East Africa


19.09.23: AJE: Crimes against humanity continue in Ethiopia despite truce, say UN experts: “War crimes and crimes against humanity are still being committed in Ethiopia nearly a year after government and regional forces from Tigray agreed to end fighting, United Nations experts have said in a report published on Monday [18 September].”

See also

08.09.23: Guardian: Ethiopian troops accused of mass killings of civilians in Amhara region.


05.09.23: AJE: In Sudan’s South Darfur, armed men pillage, loot under cover of fighting: On August 21, the Sudanese army killed about 24 civilians shelling a market in Nyala, the capital of South Darfur. Residents believe that fighters from the paramilitary Rapid Support Forces were nearby, drawing the attack, but none was killed in it. Two days later, some 30 civilians – mostly women and children – were reportedly caught in a crossfire between the RSF and the Sudanese Armed Forces (SAF) while hiding under Teiba Bridge, part of which fell, killing everyone underneath.

See also

07.09.23: AJE: Darfur victims await justice at ICC as Sudan war rages on.


10.09.23: AJE: Sudanese army kills at least 40 people in a drone attack on Khartoum: “A drone attack on an open market south of the Sudanese capital, Khartoum, has killed at least 40 people, activists and medical workers said, as the military and the paramilitary Rapid Support Forces (RSF) battle for control of the country. At least 70 others were injured in the attack in Khartoum’s Mayo neighbourhood on Sunday, according to resistance committees and two healthcare workers at the Bashair University Hospital, where the casualties were treated. Many of them will require amputations.”

See also

06.09.23: AJE: At least 32 civilians killed in Sudan army attacks: Activists.


21.09.23: AJE: Analysis: Port Sudan fighting reflects tribal-army tensions: “For the first time in the conflict in Sudan, fighting broke out in Port Sudan between a tribal militia and the Sudanese army on Monday [18 September], and analysts say this reflects mounting tensions between eastern tribes and the army.Some eastern tribes fear the Sudanese army’s dominance threatens their ownership of land and could lead to an escalation in violence.”


23.09.23: AJE: Sudan army chief: ‘Revolution can be restored’: Speaking to Al Jazeera in New York on the sidelines of the United Nations General Assembly, the military leader voiced his desire for a peaceful resolution to end fighting that has killed thousands and displaced millions of civilians. (But do not believe Burhan).

See also

06.09.23: AJE: US imposes sanctions on leaders in Sudan’s RSF over ‘extensive’ abuses;

07.09.23: AJE: Sudan’s army chief al-Burhan meets Qatar’s Sheikh Tamim in diplomatic push;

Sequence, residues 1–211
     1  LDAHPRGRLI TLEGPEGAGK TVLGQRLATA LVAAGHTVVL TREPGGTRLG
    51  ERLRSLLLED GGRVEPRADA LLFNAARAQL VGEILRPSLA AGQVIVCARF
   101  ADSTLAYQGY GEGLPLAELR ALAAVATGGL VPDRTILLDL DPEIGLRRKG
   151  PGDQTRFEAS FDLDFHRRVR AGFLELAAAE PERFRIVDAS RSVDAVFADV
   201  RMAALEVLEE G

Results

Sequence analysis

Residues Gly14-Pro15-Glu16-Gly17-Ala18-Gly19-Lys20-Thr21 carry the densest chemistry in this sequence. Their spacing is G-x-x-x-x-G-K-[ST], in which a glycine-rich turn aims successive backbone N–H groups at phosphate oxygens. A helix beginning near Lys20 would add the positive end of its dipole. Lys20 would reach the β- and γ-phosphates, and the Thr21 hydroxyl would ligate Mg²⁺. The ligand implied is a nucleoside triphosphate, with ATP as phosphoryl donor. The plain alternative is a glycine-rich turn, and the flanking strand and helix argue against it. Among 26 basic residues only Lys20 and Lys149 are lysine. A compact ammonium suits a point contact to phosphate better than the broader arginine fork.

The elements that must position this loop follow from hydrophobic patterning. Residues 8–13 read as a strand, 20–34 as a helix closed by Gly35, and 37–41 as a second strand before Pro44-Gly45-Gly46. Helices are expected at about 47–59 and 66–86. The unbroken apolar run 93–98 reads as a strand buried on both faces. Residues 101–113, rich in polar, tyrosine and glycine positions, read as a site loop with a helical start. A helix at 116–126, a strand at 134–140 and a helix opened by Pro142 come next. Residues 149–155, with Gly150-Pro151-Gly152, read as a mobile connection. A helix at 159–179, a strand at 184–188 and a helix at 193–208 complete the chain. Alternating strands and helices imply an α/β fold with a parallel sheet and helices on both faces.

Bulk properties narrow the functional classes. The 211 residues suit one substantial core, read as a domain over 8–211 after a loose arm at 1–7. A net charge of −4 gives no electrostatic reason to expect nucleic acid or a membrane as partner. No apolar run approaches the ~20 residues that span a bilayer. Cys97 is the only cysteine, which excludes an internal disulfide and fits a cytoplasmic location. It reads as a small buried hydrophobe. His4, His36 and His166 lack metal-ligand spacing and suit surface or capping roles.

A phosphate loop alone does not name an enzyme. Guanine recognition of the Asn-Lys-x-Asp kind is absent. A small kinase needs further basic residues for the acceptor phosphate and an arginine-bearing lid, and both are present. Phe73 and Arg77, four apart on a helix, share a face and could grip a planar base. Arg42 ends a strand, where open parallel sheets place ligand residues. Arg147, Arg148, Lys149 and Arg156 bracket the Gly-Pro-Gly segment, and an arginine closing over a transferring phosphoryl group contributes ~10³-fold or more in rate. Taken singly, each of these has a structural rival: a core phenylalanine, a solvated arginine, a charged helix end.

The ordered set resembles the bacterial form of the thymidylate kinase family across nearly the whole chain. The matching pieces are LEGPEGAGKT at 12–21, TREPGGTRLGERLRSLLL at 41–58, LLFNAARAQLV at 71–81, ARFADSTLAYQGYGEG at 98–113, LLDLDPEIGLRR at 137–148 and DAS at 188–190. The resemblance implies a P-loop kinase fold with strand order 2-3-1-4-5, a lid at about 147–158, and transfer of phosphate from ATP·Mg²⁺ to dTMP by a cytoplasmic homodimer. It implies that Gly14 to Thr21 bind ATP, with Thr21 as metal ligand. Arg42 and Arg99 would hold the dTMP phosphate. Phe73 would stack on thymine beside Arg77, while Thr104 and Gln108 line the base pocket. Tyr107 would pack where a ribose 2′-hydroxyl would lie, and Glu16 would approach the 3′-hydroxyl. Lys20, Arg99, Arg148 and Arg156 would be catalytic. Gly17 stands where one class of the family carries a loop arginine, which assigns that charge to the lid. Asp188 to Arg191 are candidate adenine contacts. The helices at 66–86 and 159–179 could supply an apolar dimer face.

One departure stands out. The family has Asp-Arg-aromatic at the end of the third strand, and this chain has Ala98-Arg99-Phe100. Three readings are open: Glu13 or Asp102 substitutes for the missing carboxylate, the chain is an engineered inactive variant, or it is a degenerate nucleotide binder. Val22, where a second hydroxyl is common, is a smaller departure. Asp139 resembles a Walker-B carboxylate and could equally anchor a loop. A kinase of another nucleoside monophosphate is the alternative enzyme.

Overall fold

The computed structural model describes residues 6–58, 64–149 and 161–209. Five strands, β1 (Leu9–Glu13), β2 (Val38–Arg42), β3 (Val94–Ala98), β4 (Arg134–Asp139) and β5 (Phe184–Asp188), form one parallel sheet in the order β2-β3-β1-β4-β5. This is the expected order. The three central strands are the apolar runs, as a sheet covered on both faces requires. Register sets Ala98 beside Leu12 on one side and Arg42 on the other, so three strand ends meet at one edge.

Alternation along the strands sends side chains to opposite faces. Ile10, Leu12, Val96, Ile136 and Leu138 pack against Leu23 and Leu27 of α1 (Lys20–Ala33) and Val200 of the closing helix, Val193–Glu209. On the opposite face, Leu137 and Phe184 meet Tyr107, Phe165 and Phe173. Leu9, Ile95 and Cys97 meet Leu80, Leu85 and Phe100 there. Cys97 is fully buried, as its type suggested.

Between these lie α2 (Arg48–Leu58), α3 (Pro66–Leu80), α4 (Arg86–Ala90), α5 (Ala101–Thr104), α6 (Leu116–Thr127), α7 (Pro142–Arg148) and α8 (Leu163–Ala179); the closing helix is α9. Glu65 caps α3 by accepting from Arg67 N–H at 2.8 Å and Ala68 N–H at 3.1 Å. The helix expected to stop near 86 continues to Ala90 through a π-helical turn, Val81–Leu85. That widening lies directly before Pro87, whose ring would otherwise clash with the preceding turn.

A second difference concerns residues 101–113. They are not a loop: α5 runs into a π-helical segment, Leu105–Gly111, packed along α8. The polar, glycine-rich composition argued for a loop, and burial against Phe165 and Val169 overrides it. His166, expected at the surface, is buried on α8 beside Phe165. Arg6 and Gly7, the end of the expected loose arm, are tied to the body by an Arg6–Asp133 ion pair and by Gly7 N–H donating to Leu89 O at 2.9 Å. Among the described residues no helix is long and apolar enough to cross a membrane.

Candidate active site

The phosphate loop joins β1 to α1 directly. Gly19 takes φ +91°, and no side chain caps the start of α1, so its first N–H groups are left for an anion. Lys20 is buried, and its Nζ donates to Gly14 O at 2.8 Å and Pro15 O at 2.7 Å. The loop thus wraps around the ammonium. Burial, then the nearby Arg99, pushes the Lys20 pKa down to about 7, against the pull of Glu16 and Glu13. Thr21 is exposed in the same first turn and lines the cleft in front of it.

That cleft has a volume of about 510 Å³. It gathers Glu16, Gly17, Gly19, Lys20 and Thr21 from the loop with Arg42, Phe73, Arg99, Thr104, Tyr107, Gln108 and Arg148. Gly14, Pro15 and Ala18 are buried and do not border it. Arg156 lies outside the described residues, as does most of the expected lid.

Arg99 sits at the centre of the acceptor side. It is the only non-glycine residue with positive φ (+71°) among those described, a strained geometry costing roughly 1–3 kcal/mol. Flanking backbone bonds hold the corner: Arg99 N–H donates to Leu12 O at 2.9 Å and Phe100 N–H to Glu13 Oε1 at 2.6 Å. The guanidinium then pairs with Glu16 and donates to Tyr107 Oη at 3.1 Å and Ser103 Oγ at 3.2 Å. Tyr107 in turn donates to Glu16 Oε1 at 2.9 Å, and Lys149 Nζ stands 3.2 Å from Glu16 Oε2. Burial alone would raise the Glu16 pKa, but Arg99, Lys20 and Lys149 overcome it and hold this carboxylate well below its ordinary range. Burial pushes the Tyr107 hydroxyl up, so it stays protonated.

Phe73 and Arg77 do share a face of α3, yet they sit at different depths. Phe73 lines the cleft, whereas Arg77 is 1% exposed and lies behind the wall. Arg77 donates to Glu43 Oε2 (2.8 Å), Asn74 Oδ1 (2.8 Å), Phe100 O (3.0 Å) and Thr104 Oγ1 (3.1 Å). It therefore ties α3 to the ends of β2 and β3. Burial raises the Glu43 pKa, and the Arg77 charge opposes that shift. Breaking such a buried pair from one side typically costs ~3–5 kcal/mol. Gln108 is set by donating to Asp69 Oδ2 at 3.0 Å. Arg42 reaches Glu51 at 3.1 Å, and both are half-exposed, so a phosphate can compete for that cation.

15.09.23: taz: Die UN-Diplomatie in Sudan ist gescheitert (UN Diplomacy in Sudan has Failed);

17.09.23: AJE: Sudan’s armed rivals fight on another front, international legitimacy.

West Africa


16.09.23: AJE: Mali, Niger and Burkina Faso establish Sahel security alliance: “Mali, Burkina Faso and Niger have signed a mutual defence pact, as the three Sahel countries aim to help each other against possible threats of armed rebellion or external aggression. The charter, known as the Alliance of Sahel States, signed on Saturday [14 September] binds the signatories to assist one another – including militarily – in the event of an attack on any one of them.”

Burkina Faso

04.09.23: VOA: Iran Hails African Countries' Resistance to 'Colonialism': “Iranian President Ebrahim Raisi on Monday lauded African countries for resisting "colonialism" during a visit by Burkina Faso's foreign minister. [...] Iran has been bolstering ties across the African continent in an effort to reduce its isolation and offset the impact of crippling sanctions reimposed since the 2018 withdrawal of the United States from a painstakingly negotiated nuclear deal.”

Burkina Faso

28.09.23: AJE: Burkina Faso’s military rulers say coup attempt foiled, plotters arrested: Burkina Faso’s military rulers said in a statement on Wednesday that army officers and others had planned to seize power and plunge the country into “chaos”.Thousands of pro-military government demonstrators took to the streets of Ouagadougou and elsewhere on Tuesday to show their support for the country’s military rulers following a call from Traore supporters to “defend” him amid rumours of a mutiny circulated on social media.

See also

05.09.: At least 53 Burkina Faso soldiers, volunteers killed in clashes with rebels;

25.09.23: Jeune Afrique: Au Burkina Faso, toujours des tensions au sein de l’armée.